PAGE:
In designing the LG pyrolysis pathway, we first calculated the Mayer population of LG, as shown in Fig. 5. We can see from Fig. 5 that the C6–O1 and C11–O2 populations are the smallest in the LG structure (0.906 and 0.919, respectively). The corresponding bond lengths are 1.461 Å and 1.456 Å (see Table 4 for bond length information), and their bond length is the longest of all C–O keys. Therefore, LG cleavage was most likely to open the ring at this point, leading to the formation of Compound 4, containing one carboxyl group. The results of this step were calculated and recorded as step 1. Table 4 lists the partial bond length data of LG (Compound 1), transition state TS1, and Compound 4 in step 1. From the data on TS1, we found that the C6–O1 and C11–O2 bond lengths increased from 1.461 and 1.456 Å to 2.512 and 2.339 Å, respectively, and the C10–H16 bond length also increased, whereas the C6–C11 bond was greatly shortened. The above changes indicate that the reaction process is as follows: two C–O bonds are broken, and H16 is transferred from C10 to O2 to form hydroxyl (–O2H16). During this process, the lone electrons on C11 and C6 were paired, thus forming a C11[double bond, length as m-dash]C6 double bond. Thereafter, the carboxyl group was decarboxylated to form CO2 and Compound 5.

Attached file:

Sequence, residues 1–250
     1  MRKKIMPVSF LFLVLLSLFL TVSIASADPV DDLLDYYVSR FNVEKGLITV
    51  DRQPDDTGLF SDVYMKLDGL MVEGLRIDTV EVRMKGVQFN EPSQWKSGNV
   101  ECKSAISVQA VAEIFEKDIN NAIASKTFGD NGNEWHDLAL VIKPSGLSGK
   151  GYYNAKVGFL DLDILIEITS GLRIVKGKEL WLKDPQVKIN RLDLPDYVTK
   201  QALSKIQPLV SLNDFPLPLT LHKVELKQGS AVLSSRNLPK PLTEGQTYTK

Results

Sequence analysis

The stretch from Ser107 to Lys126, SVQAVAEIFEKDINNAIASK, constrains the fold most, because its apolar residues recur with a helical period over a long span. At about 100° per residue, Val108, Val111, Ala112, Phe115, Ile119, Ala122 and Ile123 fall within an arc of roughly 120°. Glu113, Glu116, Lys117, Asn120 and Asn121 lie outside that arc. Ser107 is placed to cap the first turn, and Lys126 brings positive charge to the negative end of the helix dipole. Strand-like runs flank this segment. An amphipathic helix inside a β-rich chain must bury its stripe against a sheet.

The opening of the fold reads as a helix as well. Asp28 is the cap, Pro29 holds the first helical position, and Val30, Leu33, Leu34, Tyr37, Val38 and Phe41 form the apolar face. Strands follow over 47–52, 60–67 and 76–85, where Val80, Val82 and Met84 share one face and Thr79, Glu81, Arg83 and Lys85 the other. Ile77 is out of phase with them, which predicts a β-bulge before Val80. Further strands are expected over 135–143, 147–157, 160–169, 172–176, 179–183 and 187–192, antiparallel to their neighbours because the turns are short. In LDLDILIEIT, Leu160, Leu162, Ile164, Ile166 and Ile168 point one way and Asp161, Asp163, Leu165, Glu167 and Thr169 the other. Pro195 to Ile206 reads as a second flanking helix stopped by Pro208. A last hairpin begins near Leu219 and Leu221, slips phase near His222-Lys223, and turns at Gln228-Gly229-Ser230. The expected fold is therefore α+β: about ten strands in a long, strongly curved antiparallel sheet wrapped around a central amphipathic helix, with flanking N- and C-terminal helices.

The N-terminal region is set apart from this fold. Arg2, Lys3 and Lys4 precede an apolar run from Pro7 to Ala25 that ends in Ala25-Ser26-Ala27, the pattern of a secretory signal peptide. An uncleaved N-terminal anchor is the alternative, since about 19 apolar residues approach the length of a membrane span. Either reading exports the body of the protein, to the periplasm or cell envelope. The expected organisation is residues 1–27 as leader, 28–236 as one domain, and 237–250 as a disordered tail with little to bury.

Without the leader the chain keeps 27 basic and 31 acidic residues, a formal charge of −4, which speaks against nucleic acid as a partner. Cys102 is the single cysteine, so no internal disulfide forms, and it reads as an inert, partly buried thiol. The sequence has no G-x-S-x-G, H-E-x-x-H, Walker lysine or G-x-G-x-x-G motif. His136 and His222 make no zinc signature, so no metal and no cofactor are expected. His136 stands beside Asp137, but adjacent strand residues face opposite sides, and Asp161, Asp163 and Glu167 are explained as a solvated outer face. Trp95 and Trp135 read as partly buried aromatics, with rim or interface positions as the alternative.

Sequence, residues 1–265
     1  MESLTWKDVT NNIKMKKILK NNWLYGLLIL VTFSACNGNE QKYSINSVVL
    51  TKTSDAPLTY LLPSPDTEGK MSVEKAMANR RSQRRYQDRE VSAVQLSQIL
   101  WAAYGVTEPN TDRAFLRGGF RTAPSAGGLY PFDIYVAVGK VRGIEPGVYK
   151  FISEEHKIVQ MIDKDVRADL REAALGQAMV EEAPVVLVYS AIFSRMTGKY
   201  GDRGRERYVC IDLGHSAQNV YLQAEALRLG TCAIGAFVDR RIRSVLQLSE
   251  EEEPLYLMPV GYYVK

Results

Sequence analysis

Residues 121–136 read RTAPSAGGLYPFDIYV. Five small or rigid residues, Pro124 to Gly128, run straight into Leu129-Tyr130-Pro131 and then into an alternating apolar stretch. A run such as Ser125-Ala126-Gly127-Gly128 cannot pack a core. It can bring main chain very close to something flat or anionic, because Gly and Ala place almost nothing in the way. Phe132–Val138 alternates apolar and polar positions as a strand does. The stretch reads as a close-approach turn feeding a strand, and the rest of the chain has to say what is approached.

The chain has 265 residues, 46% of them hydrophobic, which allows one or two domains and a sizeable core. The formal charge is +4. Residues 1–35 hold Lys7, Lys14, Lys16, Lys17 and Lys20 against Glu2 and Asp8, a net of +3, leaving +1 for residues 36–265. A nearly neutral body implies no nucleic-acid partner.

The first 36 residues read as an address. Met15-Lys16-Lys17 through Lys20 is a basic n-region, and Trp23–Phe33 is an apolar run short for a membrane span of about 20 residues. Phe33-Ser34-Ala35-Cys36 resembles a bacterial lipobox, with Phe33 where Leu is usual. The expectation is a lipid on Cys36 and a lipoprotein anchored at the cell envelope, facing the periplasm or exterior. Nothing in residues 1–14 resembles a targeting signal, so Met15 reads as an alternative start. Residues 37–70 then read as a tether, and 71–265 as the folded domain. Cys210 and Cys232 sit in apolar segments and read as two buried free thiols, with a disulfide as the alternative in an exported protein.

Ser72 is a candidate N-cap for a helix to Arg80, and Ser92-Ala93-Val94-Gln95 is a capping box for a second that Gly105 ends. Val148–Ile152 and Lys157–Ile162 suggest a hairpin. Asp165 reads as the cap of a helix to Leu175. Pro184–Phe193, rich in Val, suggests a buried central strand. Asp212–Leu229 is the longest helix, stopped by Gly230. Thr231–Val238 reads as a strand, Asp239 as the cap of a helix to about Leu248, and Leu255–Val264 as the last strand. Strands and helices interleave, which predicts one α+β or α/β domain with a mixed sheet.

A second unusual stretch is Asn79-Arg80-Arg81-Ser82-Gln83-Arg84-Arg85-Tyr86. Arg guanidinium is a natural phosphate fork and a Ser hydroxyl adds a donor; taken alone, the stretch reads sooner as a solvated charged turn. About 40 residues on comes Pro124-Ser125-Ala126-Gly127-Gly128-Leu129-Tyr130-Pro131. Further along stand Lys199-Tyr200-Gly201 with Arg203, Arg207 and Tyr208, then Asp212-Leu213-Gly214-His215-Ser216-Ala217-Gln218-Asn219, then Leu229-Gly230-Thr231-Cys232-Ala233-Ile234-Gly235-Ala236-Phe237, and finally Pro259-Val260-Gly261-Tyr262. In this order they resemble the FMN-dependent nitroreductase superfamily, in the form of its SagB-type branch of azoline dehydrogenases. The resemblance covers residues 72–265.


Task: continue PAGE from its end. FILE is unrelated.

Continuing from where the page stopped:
image file: c9ra03138c-f5.tif
Fig. 5 Mayer population of Compound 1.
Table 4 The key bond length changes during the ring-opening reaction (Å)
Bond Compound 1 TS1 Compound 4
C6–C11 1.547 1.347 1.341
C11–O2 1.456 2.339
O2–C10 1.434 1.370 1.358
C10–O1 1.426 1.272 1.226
C10–H16 1.106 1.216
O1–C6 1.461 2.512


At the same time, we referred to Zhang19 and Huang's42 ideas about C–O bond cleavage in LG, who believed that the LG opening process was a simultaneous cleavage of the C11–O2 bond and the O1–C10 bond, forming a ketone at the C6 position and forming an aldehyde group at the C10 position. Based on this idea, we continued by considering the subsequent cleavage reaction of Compound 7 after breaking the bond. Fig. 6 shows the population calculation of Compound 7. We can see that the population of carbon skeletons from small to large is C8–C9 (0.924), C7–C8 (0.932), C6–C7 (0.942), C9–C10 (0.950), and C6–C11 (0.997). Aside from the excessive population number of C–C bonds, the other four C–C bonds are smaller and more prone to breakage. For the four easily broken parts, six types of breaking steps were designed, steps 5–10. Fig. 7 shows the geometric structures of the compounds and transition states involved in plan 1 and some important bond length information. The reaction described in step 5 is that C6–C7 is broken, then H19 is transferred to C6, and an aldehyde group is formed at C7. The products were acetaldehyde and Compound 9, and the reaction energy barrier was 345 kJ mol−1.